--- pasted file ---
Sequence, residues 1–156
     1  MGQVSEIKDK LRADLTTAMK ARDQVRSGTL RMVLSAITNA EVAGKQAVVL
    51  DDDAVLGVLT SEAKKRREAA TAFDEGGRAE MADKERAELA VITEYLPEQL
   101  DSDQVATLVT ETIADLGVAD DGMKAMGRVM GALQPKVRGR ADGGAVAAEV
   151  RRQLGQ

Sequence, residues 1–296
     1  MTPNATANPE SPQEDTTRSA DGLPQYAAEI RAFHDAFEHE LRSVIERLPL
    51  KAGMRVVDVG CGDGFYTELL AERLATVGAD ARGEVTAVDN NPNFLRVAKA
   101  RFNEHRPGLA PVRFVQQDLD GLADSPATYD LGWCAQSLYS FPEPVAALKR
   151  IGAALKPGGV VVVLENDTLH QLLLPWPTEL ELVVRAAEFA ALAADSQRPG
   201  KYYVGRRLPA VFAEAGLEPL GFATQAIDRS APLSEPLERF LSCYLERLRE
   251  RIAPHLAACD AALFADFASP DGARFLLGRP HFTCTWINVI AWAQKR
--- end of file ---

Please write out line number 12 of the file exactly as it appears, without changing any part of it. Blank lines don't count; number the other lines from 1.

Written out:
   251  RIAPHLAACD AALFADFASP DGARFLLGRP HFTCTWINVI AWAQKR